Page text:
So let's move into your next phase of your life. So you go through middle school and high school. No period. And you'd been to the doctors. You do have a uterus  (laugh) and you head to college. So you're heading to Division 1 athletics at UNC on the running team with still no period. And that's kind of when your college doctor asked to put you on birth control to force a period. And this actually happens a lot across the running community. So you also had some bone density issues after having multiple stress fractures. So can you kind of bring us to that moment in your life and tell us about how you felt going into your college experience and what that was like to have those discussions around birth control with your college doctor.

Elyse

 Yeah. So it was kind of everyone was going on birth control in college for the same reason. Like so many girls on the team were not getting their periods. So it was just the norm. And the crazy thing is, like, they did it so that we wouldn't get injured. 'Cause it was known that if you weren't getting your period, you had a higher risk of stress fractures. But they put me on it my freshman year, and by my sophomore year I had already had two stress fractures. So it clearly didn't work for me. I could see in some extreme cases that it could help jumpstart a period. But every time I would go off of it, I still wasn't getting my period. So it wasn't helping to solve the problem. And it was never discussed on our team around diet. There wasn't a lot of knowledge about healthy fats and eating more of that. So we just ate typical college diets. You know, cereal for breakfast with low fat milk, and low fat yogurt and burritos and sandwiches. But all these foods end up being pretty lean and don't have enough of the fat for the type of mileage I was running.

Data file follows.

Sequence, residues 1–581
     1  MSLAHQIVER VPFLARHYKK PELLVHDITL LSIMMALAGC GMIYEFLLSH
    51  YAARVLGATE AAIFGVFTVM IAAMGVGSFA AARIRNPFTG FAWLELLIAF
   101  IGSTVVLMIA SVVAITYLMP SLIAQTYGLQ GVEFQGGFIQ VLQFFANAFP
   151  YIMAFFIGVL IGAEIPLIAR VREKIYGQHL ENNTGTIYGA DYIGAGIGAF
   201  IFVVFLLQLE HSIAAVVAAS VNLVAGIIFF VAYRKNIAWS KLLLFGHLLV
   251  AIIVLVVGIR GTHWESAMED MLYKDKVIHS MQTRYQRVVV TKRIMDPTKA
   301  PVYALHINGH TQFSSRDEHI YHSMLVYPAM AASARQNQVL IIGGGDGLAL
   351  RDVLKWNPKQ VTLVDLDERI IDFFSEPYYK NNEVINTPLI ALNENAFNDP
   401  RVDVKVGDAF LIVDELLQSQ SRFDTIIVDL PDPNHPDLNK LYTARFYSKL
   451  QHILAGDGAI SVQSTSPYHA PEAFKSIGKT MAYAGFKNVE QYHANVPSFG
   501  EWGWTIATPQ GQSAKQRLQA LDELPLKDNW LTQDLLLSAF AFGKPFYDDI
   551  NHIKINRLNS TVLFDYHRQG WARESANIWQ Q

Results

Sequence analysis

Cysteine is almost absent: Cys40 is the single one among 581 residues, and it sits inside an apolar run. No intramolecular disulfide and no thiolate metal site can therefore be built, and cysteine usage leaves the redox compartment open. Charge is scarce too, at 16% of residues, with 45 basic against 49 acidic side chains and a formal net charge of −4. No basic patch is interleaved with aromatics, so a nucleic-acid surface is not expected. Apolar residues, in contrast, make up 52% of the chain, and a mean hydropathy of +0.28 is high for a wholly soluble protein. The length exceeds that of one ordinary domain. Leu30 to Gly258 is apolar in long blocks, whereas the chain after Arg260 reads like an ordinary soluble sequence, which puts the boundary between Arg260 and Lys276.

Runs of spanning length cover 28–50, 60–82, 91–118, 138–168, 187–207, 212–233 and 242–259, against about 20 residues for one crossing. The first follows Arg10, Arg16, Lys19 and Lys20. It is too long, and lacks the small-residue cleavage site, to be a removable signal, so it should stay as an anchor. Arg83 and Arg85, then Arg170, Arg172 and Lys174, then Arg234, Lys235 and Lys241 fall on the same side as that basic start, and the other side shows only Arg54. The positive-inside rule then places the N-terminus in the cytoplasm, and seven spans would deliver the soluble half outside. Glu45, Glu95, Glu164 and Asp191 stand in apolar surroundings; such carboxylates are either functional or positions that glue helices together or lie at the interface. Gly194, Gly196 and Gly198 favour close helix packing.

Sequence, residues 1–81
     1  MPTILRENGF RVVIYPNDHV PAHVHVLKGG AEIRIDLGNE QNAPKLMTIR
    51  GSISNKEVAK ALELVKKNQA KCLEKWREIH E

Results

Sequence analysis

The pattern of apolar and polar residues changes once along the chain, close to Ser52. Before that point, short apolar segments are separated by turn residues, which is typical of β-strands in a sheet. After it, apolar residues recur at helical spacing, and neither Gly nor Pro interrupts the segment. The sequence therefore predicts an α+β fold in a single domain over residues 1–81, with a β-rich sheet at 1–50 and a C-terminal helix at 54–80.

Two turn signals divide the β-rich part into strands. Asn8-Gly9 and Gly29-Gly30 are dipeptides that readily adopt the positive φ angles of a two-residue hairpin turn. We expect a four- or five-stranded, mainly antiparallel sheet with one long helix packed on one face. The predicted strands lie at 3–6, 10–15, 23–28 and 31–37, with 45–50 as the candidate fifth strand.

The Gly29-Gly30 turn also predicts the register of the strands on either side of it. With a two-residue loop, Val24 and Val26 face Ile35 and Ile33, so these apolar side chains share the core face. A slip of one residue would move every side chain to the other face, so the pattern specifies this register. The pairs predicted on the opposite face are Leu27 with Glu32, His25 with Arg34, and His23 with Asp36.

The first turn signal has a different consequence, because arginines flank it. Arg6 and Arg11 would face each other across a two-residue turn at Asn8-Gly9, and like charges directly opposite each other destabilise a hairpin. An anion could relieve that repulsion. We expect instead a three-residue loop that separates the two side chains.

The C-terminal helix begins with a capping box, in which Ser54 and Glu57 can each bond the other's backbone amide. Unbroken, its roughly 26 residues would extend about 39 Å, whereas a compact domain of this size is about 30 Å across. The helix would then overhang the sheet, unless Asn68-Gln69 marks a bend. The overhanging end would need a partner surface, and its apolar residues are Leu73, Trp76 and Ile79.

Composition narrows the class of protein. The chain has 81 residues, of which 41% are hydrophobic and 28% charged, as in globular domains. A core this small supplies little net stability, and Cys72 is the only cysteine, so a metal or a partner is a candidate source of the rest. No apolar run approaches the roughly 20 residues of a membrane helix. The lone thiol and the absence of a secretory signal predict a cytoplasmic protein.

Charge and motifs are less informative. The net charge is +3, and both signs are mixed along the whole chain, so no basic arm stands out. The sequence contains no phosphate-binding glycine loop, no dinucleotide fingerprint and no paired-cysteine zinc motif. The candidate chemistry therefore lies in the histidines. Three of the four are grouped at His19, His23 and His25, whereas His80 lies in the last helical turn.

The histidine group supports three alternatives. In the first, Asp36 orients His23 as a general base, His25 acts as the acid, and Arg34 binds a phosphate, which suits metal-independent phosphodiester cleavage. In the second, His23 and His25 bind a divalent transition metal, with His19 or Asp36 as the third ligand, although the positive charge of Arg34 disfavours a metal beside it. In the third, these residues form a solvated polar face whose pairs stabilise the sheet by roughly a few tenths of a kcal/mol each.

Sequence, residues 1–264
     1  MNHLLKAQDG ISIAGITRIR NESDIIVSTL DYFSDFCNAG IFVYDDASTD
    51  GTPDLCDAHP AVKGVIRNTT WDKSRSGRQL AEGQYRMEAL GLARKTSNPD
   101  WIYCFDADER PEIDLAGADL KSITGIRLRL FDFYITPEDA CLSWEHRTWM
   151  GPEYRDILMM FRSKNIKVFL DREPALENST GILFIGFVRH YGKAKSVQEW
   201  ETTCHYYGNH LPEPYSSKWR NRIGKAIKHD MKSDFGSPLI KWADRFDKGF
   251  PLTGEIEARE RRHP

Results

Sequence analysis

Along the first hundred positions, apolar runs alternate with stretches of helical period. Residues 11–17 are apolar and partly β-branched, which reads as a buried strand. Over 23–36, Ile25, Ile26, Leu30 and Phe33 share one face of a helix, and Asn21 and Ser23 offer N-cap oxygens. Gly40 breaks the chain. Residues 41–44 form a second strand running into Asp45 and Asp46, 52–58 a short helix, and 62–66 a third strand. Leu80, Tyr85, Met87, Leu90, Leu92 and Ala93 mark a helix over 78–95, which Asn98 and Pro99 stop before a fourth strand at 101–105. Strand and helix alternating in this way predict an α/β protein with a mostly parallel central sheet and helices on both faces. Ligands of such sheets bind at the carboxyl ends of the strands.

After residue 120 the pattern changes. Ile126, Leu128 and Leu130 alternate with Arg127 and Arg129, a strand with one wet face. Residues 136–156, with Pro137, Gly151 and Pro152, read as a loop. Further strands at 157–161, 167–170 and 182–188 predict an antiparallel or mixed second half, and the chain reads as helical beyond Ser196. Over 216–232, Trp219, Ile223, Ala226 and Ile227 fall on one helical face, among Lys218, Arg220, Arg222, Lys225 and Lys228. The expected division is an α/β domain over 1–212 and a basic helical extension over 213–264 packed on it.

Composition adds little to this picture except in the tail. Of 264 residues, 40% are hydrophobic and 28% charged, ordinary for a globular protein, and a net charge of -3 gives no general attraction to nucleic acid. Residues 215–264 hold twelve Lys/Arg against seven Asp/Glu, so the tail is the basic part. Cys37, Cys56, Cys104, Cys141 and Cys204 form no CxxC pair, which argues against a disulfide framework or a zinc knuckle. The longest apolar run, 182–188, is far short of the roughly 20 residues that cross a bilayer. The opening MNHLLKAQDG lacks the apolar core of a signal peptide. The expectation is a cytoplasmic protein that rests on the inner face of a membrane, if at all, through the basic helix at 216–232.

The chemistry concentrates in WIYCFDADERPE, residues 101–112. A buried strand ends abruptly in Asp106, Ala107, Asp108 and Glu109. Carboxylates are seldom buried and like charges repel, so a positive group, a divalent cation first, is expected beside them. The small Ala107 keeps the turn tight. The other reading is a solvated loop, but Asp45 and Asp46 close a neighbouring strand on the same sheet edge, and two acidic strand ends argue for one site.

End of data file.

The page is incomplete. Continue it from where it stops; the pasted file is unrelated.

Stef

And so when you were in that moment with like them asking you to go on birth control, it was not that big of deal. You were like, "Well, everyone's doing it. I guess I should do it."

Elyse

Yeah. Yeah.

Stef

 And were you worried that at that point in your career and in your life that you still weren't getting your period naturally?

Elyse

No I mean, they reiterated that starting birth control so young and being on it for like the next 10 years that I would have trouble getting pregnant someday. But when you're 20, that's the last thing you're thinking about. And so I was like, I don't know. I want to be a career woman anyway. So I'm not going to worry about that. But I definitely later on, as I got closer to 30, started to think  that I did want to start a family someday. And so it did become a major stress in our family.

Stef

 Yeah, I can imagine. But yes, certainly when you're in college, you're not really thinking about starting a family and having babies right away. So what advice would you give to the girls, to the female athletes, who are considering going on birth control and maybe their coaches or their doctors are encouraging them to do that, and they haven't yet had a period themselves, similar to your situation?

Elyse

 So I'm not a doctor, so I always recommend people consult with the doctor, cause it can be different health reasons, every situation is completely different. But I would definitely first try adding a lot more fat into your diet and it could take several months to get to the point of building up enough energy stores. But you know, having an avocado every day and having scrambled eggs for breakfast with cheese every morning, and before bed having a bowl of whole milk yogurt topped with like homemade granola. Those are like good additional snacks that you can sneak into your diet easily if you're a college student.